/Living Systems in Nature

Living Systems in Nature

As Life flows through Nature we can see the patterns of change and the pathways of healing and evolution.

There are living systems; there is no living “matter.”
(Jacques Monod, Biochemist and 1965 Nobel Prize Winner)

Characteristics of Nested Living Systems

By Folke Günther and Carl Folke
From Journal of Biological Systems

Living systems are nested and consist of basic materials, cells, organisms, ecosystems, and their environments, continuously interacting in time and space. Life is an integrated process of nested living systems. We synthesise and discuss exergy capturing and accumulation of organisational exergy; the structuring of the system towards maximum entropy production and export of high entropy products; autopoiesis; emergent attractors or optimum operating points; characteristics of nested systems and holarcic levels; and the role of working and latent information.

Gaia Hypothesis – The Earth as a Living System

By Tristan Anderson
From integral-health.com

The Gaia Hypothesis describes the self-regulatory ability of the Earth through its living organisms and inorganic material. Extensive scientific research has verified that the Earth’s biosphere is modulated in such a way to continually maintain and support the life within it.

Although the term Gaia originally carried a gender association, the modern term need not. In fact, myself and countless others believe that it is time for a non-gender specific notion of the living Earth.

Gaia and the Evolution of Coherence

By Mae-Wan Ho and Fritz-Abert Popp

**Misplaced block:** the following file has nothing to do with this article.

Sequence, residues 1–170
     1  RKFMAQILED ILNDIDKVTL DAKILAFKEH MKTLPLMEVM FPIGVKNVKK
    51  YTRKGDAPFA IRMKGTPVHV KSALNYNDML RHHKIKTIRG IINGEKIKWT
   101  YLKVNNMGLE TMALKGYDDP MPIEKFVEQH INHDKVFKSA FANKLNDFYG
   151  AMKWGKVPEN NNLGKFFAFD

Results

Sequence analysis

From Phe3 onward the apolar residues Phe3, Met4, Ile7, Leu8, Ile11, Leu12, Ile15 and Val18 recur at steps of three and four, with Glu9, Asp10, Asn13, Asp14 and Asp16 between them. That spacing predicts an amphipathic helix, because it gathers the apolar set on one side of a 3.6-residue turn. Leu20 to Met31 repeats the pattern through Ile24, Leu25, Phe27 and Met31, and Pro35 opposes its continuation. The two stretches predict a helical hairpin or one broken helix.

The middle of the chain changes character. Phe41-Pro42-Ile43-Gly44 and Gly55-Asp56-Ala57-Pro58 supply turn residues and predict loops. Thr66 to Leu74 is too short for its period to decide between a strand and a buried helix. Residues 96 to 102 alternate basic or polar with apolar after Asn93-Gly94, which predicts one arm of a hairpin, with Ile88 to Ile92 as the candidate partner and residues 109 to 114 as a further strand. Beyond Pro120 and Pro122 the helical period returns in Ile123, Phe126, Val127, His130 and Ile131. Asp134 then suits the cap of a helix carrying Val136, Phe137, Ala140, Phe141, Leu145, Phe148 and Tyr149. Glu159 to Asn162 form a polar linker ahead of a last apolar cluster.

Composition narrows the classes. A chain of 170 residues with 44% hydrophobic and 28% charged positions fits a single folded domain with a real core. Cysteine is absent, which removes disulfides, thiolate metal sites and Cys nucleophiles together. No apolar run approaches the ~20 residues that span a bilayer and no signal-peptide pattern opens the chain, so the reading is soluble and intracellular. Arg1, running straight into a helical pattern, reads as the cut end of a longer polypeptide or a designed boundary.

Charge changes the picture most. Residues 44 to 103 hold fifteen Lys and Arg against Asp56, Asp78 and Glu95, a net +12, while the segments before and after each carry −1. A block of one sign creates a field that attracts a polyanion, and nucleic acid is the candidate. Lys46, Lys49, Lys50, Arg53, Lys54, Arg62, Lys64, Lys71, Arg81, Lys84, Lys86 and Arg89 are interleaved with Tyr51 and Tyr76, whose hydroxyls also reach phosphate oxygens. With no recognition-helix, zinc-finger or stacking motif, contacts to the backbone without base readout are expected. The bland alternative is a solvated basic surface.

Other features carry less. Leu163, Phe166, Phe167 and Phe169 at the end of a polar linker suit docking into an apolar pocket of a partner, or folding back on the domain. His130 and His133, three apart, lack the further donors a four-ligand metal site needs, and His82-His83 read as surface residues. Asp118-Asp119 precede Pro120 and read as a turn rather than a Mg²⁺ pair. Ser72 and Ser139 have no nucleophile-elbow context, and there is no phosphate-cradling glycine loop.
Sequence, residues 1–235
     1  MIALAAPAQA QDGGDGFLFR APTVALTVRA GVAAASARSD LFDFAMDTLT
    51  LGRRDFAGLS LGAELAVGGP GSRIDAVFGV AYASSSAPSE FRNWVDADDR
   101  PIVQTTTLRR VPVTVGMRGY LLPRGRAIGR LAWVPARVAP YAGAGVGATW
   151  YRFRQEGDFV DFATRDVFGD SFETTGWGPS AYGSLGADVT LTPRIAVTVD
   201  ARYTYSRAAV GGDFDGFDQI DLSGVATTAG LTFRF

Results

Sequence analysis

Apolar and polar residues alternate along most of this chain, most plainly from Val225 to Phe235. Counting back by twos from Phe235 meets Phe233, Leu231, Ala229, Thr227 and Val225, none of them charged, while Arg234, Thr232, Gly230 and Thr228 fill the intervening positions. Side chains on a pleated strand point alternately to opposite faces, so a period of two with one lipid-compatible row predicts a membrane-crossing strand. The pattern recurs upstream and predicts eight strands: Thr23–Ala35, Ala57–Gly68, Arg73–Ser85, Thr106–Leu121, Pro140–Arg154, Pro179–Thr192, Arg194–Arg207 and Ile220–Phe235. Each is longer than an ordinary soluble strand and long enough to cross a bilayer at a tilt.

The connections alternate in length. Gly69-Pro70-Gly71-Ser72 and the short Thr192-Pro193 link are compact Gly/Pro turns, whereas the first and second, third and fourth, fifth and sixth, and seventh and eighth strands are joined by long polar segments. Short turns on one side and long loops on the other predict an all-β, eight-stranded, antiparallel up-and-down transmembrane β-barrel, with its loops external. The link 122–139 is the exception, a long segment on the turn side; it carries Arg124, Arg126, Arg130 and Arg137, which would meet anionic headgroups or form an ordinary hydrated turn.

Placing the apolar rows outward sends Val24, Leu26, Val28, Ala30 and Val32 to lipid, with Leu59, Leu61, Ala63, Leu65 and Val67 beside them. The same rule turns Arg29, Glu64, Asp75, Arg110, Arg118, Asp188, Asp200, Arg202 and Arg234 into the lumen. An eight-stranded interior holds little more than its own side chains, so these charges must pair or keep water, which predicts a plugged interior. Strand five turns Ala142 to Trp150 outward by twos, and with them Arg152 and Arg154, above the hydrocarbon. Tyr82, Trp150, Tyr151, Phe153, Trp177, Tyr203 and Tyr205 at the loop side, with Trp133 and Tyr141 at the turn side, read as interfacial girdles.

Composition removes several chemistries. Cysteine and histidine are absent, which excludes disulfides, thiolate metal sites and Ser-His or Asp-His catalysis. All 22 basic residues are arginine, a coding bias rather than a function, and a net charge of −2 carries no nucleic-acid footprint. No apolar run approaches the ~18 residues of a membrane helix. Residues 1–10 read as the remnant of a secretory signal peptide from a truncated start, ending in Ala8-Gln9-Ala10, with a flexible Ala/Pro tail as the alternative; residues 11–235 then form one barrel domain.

From Institute of Science in Society

The Ufaina Indians in the Colombian Amazon believe in a vital force called fufaka which is present in all living things. The source of this vital force is the sun. From the sun, it reaches earth and is constantly recycled among plants, animals and human beings. Each group of beings requires a minimum of the vital force in order to live, and is seen to be borrowing the energy from the total energy stock.

Synchronization in Human Musical Rhythms and Mutually Interacting Complex Systems

By Holger Hennig
From National Academy of Sciences of the United States of America

Though the music produced by an ensemble is influenced by multiple factors, including musical genre, musician skill, and individual interpretation, rhythmic synchronization is at the foundation of musical interaction. Here, we study the statistical nature of the mutual interaction between two humans synchronizing rhythms. We find that the interbeat intervals of both laypeople and professional musicians exhibit scale-free (power law) cross-correlations. Surprisingly, the next beat to be played by one person is dependent on the entire history of the other person’s interbeat intervals on timescales up to several minutes.

Integrative Medicine: A Systems Theory Approach To An Expanded Medical Model – A Change For Biomedicine

By Elliott Dacher, MD
From Healthy.net

As practitioners, we approach our patients and their problems within the framework of a conceptual model that organizes and defines the questions we ask, the information we seek, the diagnostic and therapeutic options, and ultimately the outcome of our interventions. Because we are so accustomed and conditioned to think and act within a specific framework, we rarely if ever consider the fundamental conceptual principles underlying our practice even though these principles can assume a powerful, although often unseen, authority over our professional lives.

2017-04-22T14:54:49+00:00 Topics|